Sunday, October 18, 2015
“Syllabus Of Errors: Poems”
Troy Jollimore, who professes philosophy at Chico State University, is also an acclaimed poet. His first poetry book, “Tom Thomson In Purgatory,” won the 2006 National Book Critics Circle Award for Poetry. His new collection, “Syllabus Of Errors: Poems” ($16.95 in paperback from Princeton University Press; also for Amazon Kindle) is for the birds.
At least its five sections pay homage to the songs of birds, “sound-lovers, who cultivate the pursuit of sound-combinations as an art,” to quote Walter Garstang’s “Songs Of The Birds” from 1922, and for Jollimore the poet is no less a lover of sounds. “On Birdsong,” the first poem in the book, puts it this way: “Poison, in proportion, is medicinal./ Medicine, ill-meted, can be terminal.// Brute noise, deftly repeated, becomes musical./ An exit viewed from elsewhere is an entrance. …”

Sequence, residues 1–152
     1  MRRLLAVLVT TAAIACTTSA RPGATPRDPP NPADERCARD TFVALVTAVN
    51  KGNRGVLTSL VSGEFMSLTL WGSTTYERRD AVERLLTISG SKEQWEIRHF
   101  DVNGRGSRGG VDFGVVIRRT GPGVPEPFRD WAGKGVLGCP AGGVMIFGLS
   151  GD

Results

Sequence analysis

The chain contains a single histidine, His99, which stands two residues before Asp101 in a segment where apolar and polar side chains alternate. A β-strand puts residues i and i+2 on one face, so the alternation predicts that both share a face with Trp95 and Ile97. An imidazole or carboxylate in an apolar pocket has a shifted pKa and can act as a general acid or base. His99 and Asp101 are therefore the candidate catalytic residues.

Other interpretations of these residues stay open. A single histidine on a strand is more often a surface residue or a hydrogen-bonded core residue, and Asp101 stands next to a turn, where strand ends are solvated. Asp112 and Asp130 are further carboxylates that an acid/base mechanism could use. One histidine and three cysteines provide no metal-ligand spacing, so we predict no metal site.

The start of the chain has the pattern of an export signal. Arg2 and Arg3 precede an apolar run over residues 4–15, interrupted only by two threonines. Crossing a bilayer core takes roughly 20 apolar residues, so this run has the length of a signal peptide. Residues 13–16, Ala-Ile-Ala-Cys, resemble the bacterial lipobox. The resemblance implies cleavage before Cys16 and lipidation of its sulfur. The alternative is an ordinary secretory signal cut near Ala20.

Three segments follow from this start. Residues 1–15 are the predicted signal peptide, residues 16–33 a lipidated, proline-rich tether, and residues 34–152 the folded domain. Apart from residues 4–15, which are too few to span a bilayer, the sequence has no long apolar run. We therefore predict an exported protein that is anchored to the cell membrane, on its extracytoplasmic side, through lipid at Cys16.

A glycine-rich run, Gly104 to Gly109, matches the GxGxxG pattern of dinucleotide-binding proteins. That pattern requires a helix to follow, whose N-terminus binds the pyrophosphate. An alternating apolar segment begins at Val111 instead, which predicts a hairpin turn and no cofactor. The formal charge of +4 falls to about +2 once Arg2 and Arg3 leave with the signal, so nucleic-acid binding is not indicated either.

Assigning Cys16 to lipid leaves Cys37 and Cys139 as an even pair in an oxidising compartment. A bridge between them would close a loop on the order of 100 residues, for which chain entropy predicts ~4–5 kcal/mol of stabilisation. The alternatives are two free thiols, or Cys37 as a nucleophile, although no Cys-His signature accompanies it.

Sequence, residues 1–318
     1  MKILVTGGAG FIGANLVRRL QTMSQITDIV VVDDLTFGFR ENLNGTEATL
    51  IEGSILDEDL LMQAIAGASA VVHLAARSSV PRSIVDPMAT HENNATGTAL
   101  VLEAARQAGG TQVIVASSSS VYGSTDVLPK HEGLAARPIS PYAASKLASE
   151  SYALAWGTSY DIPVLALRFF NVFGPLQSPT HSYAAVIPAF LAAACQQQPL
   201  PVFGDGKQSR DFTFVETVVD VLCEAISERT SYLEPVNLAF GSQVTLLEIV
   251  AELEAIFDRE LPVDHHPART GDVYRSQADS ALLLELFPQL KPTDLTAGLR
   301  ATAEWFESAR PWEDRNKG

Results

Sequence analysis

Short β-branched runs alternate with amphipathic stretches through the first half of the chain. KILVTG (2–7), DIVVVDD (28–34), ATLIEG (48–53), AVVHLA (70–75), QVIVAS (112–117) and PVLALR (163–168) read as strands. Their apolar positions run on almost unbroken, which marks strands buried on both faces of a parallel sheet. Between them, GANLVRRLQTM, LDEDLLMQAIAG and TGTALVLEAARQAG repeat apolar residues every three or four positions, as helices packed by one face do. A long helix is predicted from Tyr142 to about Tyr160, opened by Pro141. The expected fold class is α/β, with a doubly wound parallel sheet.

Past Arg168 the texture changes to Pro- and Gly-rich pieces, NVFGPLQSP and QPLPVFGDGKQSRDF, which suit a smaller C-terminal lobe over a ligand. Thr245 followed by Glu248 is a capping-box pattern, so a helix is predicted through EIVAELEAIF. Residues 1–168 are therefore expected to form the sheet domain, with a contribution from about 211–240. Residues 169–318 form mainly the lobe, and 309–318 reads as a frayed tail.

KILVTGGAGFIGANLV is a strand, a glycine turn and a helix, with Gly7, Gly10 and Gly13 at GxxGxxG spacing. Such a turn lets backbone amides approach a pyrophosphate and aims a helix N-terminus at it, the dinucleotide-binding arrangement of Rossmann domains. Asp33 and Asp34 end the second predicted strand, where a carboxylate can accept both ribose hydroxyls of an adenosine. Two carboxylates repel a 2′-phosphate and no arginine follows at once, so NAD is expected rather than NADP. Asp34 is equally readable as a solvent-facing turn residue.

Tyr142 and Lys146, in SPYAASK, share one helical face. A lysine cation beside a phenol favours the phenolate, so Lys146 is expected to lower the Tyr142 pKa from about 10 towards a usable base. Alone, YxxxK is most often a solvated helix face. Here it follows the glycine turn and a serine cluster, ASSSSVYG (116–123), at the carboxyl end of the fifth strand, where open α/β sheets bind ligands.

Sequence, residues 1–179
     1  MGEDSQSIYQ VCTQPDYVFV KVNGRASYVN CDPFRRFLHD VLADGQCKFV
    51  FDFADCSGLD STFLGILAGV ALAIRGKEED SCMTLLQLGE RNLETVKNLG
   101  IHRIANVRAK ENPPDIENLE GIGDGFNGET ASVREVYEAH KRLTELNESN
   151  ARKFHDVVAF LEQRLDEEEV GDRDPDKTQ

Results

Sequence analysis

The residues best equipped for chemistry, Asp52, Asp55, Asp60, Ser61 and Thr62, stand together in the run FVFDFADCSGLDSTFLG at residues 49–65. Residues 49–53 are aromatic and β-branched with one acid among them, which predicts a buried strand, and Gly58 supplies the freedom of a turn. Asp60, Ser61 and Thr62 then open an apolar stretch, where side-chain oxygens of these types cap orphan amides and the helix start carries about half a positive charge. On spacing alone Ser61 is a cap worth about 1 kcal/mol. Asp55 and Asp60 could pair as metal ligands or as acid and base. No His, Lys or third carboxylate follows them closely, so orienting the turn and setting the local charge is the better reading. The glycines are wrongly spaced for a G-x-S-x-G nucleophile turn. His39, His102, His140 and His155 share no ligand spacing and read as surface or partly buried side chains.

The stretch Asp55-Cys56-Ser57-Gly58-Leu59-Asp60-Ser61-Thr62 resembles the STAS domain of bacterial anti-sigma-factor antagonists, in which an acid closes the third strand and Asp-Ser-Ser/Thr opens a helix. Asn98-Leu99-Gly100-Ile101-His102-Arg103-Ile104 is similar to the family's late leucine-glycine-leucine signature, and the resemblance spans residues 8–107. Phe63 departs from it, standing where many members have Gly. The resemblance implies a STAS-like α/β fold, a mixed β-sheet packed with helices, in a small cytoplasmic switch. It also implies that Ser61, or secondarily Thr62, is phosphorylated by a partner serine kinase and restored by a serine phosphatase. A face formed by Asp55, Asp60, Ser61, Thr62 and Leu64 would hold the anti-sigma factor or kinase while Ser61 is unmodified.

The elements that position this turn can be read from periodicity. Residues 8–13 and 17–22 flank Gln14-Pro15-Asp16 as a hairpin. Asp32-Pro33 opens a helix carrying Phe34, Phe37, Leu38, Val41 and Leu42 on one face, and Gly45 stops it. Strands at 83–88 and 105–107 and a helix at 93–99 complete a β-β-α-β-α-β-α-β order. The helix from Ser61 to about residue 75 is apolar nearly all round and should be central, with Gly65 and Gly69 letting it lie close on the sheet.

Wrapped in the celebration of sounds, the poet seems this time out more pensive, more aware of loss, less patient with hackneyed philosophy. “Reason informs us,” the poet says in “Critique Of Judgment,” “that birdsong is sublime/ but can’t be beautiful: beauty is conferred/ solely by operations of the human mind./ Meanwhile, from that low-hanging branch, the lyrebird// is waging an ongoing, spirited battle/ against philosophy….”
While “twentieth-century artists were trying to tell us … that anything could be art,” the poet of “Ache And Echo” is having none of it. Those artists held beauty “in contempt.” “But me, I can’t// give up my beauty, I’m an addict, a beauty/ fiend; if you want to take it away/ you’re going to have to pry it from my cold dead hands.”
This is no ethereal unreal beauty, but something brute, bodily; there’s “the pain/ of being some particular body,// of dragging a narrative behind you,/ like a swimmer tangled up/ in heavy nets, feeling the ocean,// its whole weight, beneath him….”